Harry Kane reacts with dismay after his missed penalty during the FIFA World Cup match between England and France at Al Bayt Stadium, Al Khor, Qatar, December 2022.

Revisiting ESPN’s 2022 World Cup predictions from 2018

The 2022 World Cup is drawing to a conclusion and we want to know where ESPN are keeping their crystal ball after making a number of scarily accurate predictions four years ago. 

The 2018 World Cup was one of the most enjoyable editions to date, with England narrowly losing to Croatia in the semi-finals, who lost 4-2 to France in the final in Moscow.

After the tournament had finished, ESPN made a number of predictions for the 2022 edition, and with the Qatar edition almost over, now is a good time to analyse their shouts.

We’ve broken down each of these predictions to see which were incredibly accurate, and which were well wide of the mark.

The big guns return

The original prediction that the big footballing nations Italy, the USA, the Netherlands, Chile and Cameroon would return was incorrect, as Italy failed to reach their second World Cup in a row following their shocking loss at home to North Macedonia in the qualification playoffs.

Chile also failed to qualify but Cameroon, the Netherlands and the United States all returned – and all three made an impact.

It was a stunning goal to knock Italy out…

Ronaldo bids farewell

ESPN predicted that Ronaldo would retire after the tournament and, after being dropped by Portugal for the knockout stages, we wouldn’t have been surprised if he’d called it a day after their quarter-final defeat to Morocco.

But early indications are that the 37-year-old will carry on until Euro 2024 but it remains to be seen whether he could regain his starting spot.

Qatar become the worst-performing hosts

Yep, this was spot on.

Qatar were unfancied coming into the World Cup and lived down to expectations with three defeats in a relatively easy group.

African teams mount a better challenge

All five African contenders exited at the group stage in Russia, but the continent enjoyed a much better tournament this time around.

Every country won a match – with Cameroon beating Brazil and Tunisia getting the better of France – while two African teams reached the knockout rounds.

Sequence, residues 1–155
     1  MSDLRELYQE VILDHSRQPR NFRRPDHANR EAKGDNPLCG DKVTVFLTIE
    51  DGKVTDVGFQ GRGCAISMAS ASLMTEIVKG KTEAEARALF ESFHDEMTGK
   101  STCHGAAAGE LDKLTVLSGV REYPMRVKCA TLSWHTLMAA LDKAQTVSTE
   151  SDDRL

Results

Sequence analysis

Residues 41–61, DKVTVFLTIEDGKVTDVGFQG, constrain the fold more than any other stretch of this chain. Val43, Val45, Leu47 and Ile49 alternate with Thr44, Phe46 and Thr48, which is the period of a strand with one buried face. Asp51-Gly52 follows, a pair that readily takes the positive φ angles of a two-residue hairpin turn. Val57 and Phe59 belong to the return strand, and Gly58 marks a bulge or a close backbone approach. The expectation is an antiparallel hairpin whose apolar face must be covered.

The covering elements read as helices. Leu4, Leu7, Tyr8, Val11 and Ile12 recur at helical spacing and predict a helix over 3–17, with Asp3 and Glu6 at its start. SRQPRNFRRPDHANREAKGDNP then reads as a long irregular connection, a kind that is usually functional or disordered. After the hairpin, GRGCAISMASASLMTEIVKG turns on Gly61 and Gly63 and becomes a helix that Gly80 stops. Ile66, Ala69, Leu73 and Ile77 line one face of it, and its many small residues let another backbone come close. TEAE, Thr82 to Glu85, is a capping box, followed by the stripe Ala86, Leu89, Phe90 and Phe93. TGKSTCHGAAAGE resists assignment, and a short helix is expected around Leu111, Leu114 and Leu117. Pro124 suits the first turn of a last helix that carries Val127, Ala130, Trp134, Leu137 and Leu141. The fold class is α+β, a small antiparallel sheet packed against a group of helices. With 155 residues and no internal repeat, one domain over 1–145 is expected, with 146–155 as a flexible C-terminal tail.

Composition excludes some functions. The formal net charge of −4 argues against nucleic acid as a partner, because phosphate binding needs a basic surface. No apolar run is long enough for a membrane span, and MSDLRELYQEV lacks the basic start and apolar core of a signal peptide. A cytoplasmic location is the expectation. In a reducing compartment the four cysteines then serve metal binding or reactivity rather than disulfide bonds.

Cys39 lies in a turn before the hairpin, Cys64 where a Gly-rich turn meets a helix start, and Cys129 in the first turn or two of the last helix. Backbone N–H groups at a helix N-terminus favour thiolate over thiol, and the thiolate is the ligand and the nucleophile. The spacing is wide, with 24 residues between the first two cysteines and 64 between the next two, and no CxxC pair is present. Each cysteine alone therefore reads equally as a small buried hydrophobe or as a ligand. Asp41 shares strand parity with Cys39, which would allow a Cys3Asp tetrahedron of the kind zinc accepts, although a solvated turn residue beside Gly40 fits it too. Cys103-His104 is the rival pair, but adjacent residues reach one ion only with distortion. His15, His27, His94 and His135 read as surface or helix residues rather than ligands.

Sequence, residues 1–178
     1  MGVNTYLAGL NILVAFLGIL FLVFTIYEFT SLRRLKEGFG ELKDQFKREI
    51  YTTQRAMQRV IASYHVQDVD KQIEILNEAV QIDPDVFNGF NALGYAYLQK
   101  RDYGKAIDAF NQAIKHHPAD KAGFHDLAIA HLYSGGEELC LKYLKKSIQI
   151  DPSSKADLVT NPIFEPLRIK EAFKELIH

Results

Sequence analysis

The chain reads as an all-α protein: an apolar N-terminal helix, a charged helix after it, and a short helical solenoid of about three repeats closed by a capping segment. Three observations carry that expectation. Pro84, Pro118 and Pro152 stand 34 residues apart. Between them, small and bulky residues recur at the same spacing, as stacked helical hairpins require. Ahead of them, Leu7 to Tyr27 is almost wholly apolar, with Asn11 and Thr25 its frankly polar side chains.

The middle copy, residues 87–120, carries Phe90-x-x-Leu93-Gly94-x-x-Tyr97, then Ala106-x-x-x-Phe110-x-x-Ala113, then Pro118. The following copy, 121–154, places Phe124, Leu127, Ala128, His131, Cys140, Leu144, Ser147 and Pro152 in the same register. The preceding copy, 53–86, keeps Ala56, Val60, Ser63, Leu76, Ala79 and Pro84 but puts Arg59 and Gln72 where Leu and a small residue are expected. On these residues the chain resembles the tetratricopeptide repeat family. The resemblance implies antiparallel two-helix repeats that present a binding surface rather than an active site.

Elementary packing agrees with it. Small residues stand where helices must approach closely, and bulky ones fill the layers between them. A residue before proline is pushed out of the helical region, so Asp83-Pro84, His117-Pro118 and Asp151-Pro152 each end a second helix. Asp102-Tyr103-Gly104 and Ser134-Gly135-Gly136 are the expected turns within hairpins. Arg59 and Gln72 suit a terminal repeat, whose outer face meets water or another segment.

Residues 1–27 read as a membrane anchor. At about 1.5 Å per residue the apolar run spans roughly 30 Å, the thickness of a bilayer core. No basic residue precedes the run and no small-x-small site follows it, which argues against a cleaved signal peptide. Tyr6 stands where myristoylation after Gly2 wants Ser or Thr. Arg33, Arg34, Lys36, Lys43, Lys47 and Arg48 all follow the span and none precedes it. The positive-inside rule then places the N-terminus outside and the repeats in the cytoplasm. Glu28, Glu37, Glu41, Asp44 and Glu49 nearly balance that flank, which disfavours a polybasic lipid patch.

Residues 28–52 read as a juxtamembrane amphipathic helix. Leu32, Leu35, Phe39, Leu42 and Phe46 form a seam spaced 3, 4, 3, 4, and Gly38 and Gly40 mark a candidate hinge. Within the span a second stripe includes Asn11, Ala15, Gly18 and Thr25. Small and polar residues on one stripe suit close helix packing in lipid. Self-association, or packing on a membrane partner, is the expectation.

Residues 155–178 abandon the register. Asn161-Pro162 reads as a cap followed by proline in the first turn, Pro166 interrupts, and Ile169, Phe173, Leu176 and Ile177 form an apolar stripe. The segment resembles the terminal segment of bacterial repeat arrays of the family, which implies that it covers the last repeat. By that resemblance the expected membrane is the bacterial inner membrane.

But, while Senegal fell to England, Morocco made history by becoming the first African semi-finalist. It’s truly been their tournament.

Mbappe confirms himself as the star of his generation

Kylian Mbappe scored in the final and had a fantastic tournament as France won the World Cup in 2018, and he’s only gotten better since.

Five goals have been plundered by the PSG forward as France have reached a second consecutive World Cup final and he’s in with a golden chance of winning the Golden Boot.

Football doesn’t come home

Sob, another open goal slotted away by ESPN.

VAR ends controversy

Back in 2018, VAR was still in its early stages, and it was finally implemented in the Premier League at the start of the 2019-20 season.

However, controversy has not been avoided in the slightest, with VAR being questioned in nearly every single game, and even though some earlier teething issues have been ironed out, there is no doubt that referees, and the technology, came under immense scrutiny during the tournament.

Who will win all the awards?

ESPN predicted that the Golden Boot will go to Timo Werner, the Golden Glove to Gianluigi Donnarumma and the best young player to Phil Foden.

Iran were tipped as the team to make a shock upset, and France to make a huge collapse.

The player award predictions haven’t aged well, as Werner was ruled out through injury, whilst Donnarumma’s Italy weren’t even at the tournament.

Foden for young player of the tournament wasn’t the worst shout but we reckon team-mate Jude Bellingham made more of an impact than the Manchester City man.

Iran went out in the groups again but performed admirably under immense pressure from events at home but ESPN completely misjudged their France prediction.

You can’t win them all…

READ MORE: A definitive ranking of every World Cup since 1990 from worst to best

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